Mnuchin considering delaying tax filing deadline again
Treasury Secretary Steven Mnuchin announced officials are considered further delaying the tax filing deadline as July 15 approaches.
Treasury Secretary Steven Mnuchin opened the door this week to a second extension of the 2019 annual tax filing deadline as Americans and the nation's economy continue to reel from the coronavirus pandemic.
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“It’s something I’m thinking about,” he said Tuesday during an interview with Bloomberg News. “As of now I’m not intending on doing that, but it’s something we may consider.”
Several groups have called on the IRS to further delay the tax deadline. That includes the National Taxpayers Union, which has advocated for an extension until Oct. 15.
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"It’s become clear that the U.S. economy won’t have bounced back by July as much as originally hoped," the Alexandria, Virginia-based organization wrote at the end of April. "Businesses will only start to reopen by July, and many individuals will still be working remotely, if they’re lucky enough to have kept their job."
In mid-March, Mnuchin announced the government was extending the deadline for filing taxes from April 15 to July 15, giving Americans three months longer than they typically would have to file their taxes.
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By extending the deadline, the federal government allowed individuals and businesses to hold onto their cash longer as they deal with the fallout from the outbreak of the virus. The first three-month delay injected about $300 billion of liquidity into the economy, according to Mnuchin.
Delaying tax payments again could provide much-needed liquidity to businesses struggling to recover from the prolonged lockdown. Although every U.S. state has started the process of gradually reopening, economists have cautioned that consumer demand will not return to pre-crisis levels until there's a vaccine or treatment for COVID-19.
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"The levels of output and employment remain far below their pre-pandemic levels, and significant uncertainty remains about the timing and strength of the recovery," Federal Reserve Chairman Jerome Powell said last week during congressional testimony. "Much of that economic uncertainty comes from uncertainty about the path of the disease and the effects of measures to contain it. Until the public is confident that the disease is contained, a full recovery is unlikely."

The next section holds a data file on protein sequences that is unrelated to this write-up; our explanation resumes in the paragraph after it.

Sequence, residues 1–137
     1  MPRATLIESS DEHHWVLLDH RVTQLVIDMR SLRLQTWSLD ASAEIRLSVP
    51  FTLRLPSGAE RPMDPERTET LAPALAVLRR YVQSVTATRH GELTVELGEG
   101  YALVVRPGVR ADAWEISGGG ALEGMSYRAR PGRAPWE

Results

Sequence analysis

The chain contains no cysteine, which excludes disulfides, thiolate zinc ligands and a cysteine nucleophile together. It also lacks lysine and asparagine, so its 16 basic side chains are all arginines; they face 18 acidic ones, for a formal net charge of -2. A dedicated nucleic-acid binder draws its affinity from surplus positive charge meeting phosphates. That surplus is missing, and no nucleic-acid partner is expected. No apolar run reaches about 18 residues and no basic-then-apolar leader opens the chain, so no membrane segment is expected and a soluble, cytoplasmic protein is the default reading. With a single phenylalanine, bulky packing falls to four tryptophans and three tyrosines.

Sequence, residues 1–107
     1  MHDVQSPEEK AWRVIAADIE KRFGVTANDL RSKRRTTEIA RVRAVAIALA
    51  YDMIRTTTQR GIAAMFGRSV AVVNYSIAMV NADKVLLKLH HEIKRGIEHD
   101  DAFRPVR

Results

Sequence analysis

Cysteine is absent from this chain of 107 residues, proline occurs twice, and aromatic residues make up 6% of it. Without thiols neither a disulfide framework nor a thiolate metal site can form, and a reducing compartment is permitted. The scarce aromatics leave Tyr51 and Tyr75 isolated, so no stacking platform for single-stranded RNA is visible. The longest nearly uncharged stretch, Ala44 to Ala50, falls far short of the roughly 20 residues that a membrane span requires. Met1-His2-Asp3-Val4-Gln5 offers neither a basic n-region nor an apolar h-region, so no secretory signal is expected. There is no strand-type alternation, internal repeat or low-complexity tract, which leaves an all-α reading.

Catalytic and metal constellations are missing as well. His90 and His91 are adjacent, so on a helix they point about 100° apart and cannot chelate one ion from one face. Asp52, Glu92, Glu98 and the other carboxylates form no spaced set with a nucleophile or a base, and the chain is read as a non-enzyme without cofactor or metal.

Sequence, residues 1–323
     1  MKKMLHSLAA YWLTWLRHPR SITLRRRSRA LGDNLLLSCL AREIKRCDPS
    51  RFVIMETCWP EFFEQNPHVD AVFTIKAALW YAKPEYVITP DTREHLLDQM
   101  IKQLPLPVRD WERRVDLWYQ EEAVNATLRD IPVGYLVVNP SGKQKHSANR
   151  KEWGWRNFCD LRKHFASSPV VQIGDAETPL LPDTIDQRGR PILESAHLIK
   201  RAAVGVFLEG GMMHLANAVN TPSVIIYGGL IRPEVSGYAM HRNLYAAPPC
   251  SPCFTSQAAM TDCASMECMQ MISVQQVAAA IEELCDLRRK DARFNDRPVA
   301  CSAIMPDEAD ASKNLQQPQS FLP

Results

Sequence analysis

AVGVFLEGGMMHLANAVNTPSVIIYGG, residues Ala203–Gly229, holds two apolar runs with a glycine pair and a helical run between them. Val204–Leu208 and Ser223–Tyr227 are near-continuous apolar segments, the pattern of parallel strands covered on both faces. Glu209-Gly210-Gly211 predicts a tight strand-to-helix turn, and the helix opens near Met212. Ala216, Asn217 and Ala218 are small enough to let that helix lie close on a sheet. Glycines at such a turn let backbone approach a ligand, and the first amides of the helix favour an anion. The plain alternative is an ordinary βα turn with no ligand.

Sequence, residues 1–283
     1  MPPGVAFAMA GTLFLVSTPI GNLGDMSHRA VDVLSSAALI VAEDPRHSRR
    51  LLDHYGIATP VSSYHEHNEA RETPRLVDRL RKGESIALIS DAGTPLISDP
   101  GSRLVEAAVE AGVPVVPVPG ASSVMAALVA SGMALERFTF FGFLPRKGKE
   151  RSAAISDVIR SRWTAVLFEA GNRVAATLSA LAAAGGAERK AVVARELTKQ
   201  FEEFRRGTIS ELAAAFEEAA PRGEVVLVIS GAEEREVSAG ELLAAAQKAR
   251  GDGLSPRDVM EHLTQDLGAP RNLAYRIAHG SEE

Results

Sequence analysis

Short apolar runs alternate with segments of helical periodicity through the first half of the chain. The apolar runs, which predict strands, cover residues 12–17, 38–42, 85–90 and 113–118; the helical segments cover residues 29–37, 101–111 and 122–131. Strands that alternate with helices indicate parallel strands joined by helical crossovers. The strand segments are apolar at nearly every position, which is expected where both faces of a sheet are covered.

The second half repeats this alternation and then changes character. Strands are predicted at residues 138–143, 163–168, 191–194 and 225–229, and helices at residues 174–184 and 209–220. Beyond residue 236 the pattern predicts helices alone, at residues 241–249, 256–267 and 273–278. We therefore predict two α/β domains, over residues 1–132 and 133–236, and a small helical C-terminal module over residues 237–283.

Likewise, delaying tax payments for Americans would essentially act as a short-term loan.
"Instead of individuals and businesses sending tax payments to the federal government, they are able to keep it as a bridge to an improved economy when shutdowns are eventually eased," the National Taxpayers Union wrote.
If individuals are anticipating a tax refund this year, they should file their returns as soon as possible to get that money.
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Close to 46 million Americans have filed for unemployment benefits since a broad swath of the nation's economy came to a grinding halt. The depth and magnitude of job losses are without precedent; in the span of two months, the U.S. jobless rate surged from a 50-year low to an 80-year high.
The apparent trade-off in delaying the tax deadline is a loss of revenue for the federal government in the short-run.
"That said, bond market volatility has driven the interest rate on federal debt down sharply, meaning the ultimate financial cost of delay is small," the tax union said. "And in the context of Congress considering much more expensive policy responses, the impact of this move would be relatively modest."
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